Official Trailer:

Final Conclusion:
Even though I am fully behind the message and awareness which Virry VR: Wild Encounters is aiming to deliver, I don’t think this particular experience is the best product for people to begin with. I would personally recommend their previous title, Virry VR: Feel the Wild, because it has a similar amount of content and is a more cost-effective way to experience a selection of animals. Had the live webcams worked then I feel I would have got a lot more out of this experience than I was able to right now as I was limited to the content provided by the application itself. My advice would be to pick up the cheaper version and/or grab this one when it drops to a decent price – either way, grab one of them as the experience in VR is great, even though it is ultimately a 360-degree video and not ‘VR’ as such.

Do I think the experience was bad? No. Do I think its content was bad? No. Do I think it was too expensive? Yes, compared to their other products.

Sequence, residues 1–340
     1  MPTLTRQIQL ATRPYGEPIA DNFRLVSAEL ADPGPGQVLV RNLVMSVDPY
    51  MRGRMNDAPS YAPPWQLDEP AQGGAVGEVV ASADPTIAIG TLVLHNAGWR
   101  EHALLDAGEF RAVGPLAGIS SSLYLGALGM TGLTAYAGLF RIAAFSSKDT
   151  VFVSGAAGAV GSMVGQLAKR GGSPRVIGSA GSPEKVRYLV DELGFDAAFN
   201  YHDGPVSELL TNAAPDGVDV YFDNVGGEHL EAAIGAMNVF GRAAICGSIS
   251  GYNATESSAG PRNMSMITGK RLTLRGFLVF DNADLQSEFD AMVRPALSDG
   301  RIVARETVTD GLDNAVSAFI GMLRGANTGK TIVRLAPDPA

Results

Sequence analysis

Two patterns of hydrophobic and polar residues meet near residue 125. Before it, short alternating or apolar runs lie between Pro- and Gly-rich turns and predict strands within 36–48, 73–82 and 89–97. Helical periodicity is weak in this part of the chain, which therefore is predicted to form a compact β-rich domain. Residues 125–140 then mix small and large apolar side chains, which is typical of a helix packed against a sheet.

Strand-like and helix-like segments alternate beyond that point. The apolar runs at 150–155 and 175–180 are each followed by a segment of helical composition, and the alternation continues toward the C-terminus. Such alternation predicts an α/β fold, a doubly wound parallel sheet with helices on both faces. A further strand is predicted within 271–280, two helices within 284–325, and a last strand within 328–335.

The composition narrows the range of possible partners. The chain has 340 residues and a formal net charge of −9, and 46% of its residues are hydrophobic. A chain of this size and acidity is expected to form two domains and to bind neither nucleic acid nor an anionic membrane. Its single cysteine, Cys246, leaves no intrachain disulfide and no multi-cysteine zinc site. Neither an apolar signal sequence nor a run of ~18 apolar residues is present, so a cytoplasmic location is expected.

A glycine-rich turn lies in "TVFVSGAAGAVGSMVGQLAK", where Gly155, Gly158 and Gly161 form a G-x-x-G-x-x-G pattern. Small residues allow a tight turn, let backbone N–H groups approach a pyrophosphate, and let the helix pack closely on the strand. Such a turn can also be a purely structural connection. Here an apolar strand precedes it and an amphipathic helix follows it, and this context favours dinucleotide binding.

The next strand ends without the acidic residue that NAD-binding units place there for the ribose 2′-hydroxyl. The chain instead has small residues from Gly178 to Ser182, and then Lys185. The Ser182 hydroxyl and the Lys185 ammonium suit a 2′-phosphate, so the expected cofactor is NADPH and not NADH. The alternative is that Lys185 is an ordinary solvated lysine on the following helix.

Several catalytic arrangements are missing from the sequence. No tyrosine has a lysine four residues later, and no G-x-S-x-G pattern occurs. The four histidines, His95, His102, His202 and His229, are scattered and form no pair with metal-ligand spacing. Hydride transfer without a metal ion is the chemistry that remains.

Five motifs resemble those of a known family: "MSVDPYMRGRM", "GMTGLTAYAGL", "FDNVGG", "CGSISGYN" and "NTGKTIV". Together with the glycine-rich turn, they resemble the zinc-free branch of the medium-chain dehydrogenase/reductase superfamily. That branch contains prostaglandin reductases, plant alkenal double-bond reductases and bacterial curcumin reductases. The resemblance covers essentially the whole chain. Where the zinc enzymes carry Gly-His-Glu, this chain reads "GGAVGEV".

After checking the store today, it appears all Virry experiences have been removed from the PSN Store – I’ve asked the developers on Twitter if this was intentional and if they’re coming back.

A copy of the game was kindly provided for review purposes

Virry VR: Wild Encounters


Final Score


The Good:

  • Amazingly close videos which you'll find hard to beat on platforms like YouTube
  • Helps raise awareness of the severity of endangerment via the trivia and narration
  • Can help you to relax

The Bad:

  • Too expensive for the amount of content you receive
  • I recommend grabbing "Virry: Feel the Wild" first as it's a lower base price and offers roughly the same amount of content (in terms of length)
  • Limited appeal once the 'wow' factor is gone and you've seen all the videos
  • The webcams aren't currently working (22nd May 2018)
  • No option to boot into non-VR even though once you're in, there is a full non-VR version option